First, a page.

Hi, and welcome to drawabox! 2 things. First, there’s no need to apologize. This is a normal thing to experience, and, if anything, congratulations are in order, for having stuck with it, even when you did have an excuse to start over. Second, be mindful of whether what you’re experiencing is pain, or soreness. Soreness is fine, in the beginning. Pain, is not, ever. With that out of the way, let’s talk about this submission.

Starting off, the superimposed lines look great. They’re confident, properly lined up at the start, and of a consistent trajectory. The ghosted lines/planes look quite smooth as well, and I’m pleased to see that you’ve plotted start/end points for the non-diagonal center lines of the planes- a lot of students forget to.

The table of ellipses exercise looks good. Your ellipses are smooth, and rounded, but they’re not always of a consistent degree/angle in a frame (remember that they should be.) Also, remember to go around them 2 full times- you’ll settle for 1 and a half, sometimes. I will also recommend lifting your pen off the page at the end of your 2 rotations, rather than flicking it off, to get rid of that little tail at the end. The ellipses in planes exercise looks good, too. Your ellipses maintain their smoothness/evenness, despite the added difficulty of having to touch all 4 sides of the plane. The funnels exercise is a bit of a mixed bag, but mostly alright. The issue is that some of the ellipses (most all of them in those corner funnels) are misaligned, that is to say, not cut into two equal symmetrical halves by the funnel’s minor axis. Remember to take your time on each one, rotating the page as necessary, and ghosting until ready.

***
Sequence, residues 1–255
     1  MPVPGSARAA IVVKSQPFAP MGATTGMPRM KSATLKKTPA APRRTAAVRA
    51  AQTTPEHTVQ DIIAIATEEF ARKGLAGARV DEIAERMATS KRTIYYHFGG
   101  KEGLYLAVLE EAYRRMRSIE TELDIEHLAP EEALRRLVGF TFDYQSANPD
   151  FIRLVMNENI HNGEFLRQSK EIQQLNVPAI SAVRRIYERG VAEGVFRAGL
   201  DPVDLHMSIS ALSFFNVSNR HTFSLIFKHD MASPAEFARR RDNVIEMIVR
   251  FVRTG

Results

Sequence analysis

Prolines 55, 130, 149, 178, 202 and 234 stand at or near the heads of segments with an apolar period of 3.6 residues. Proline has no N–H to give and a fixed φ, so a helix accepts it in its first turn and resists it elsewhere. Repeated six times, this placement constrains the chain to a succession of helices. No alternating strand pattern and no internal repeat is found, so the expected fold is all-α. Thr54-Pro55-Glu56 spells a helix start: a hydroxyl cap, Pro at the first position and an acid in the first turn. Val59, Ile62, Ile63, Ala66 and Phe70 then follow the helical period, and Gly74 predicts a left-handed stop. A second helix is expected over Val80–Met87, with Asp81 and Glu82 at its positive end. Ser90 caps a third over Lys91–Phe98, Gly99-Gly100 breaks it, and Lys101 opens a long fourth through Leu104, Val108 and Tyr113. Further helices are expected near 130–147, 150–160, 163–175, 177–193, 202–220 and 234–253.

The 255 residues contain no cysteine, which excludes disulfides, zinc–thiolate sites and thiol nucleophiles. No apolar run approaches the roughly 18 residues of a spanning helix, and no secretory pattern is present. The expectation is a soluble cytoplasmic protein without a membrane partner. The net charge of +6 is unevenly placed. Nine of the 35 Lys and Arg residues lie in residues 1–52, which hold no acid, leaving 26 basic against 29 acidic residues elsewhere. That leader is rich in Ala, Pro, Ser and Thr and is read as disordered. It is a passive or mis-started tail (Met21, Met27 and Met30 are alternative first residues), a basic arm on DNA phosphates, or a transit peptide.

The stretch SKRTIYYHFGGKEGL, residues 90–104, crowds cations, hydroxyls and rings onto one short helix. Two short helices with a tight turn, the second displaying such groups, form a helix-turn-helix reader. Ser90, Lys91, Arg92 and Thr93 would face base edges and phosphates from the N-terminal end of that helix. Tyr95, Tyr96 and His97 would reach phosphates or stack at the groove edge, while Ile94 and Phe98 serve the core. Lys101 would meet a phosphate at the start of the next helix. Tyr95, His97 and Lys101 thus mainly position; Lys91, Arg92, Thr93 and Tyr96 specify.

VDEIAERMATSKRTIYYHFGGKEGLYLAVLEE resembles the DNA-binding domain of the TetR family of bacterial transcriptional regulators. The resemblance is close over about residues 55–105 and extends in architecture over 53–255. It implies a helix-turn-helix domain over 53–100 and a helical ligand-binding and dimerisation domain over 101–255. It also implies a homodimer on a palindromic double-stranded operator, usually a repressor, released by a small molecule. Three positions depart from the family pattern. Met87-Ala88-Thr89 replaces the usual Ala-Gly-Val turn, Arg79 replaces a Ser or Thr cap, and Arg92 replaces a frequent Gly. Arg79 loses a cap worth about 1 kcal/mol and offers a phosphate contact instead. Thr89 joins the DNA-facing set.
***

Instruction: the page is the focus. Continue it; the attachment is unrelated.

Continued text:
The plotted perspective exercise looks quite clean- nicely done. The rough perspective exercise looks good, too, though I have a few pointers. First, I’d like to quickly remind you that you shouldn’t correct an incorrect line, if you can. Second, to help your convergences get even closer to the vanishing point, I’ll, for one, recommend spending a little longer on the planning phase, ghosting and re-ghosting each point until you’re satisfied with it, but also, paying a little more attention to the shape of your back faces. Because of the rules of 1 point perspective, the back face of your box should be of the same shape as the front face, just smaller. Hence, if you notice, for example, that one is a square, and the other a rectangle, then there’s been a mistake somewhere, so, rather than commit to those points, see if you can reconsider them. The rotated boxes exercise looks, and you might be surprised to hear this, good. I’ll take this opportunity to let you know that what we’re looking for in an exercise isn’t perfection, or even anything close to it. We’re just looking for one that has been seen through to the end, and shows some attempt at the instructions being follow. Successfully, or otherwise. Anyway, looking over yours, I’d say that you’ve done a decent enough job of keeping the gaps between your boxes narrow, and, as a result, they rotate fairly comfortably for the most part. It does seem like you’ve skipped this step, however, which I do not recommend. Finally, the organic perspective exercise looks good. There’s the occasional issue with the foreshortening of some of the far-off boxes, but this is expected. The boxes themselves look good, and I appreciate the addition of line-weight, to clarify the various dominances. Though, as you’ll soon find out, it should be applied to the silhouette of the box only- never to the inner lines.

Congrats on a strong submission- I’m happy to mark it as complete. Feel free to move on to the 250 box challenge.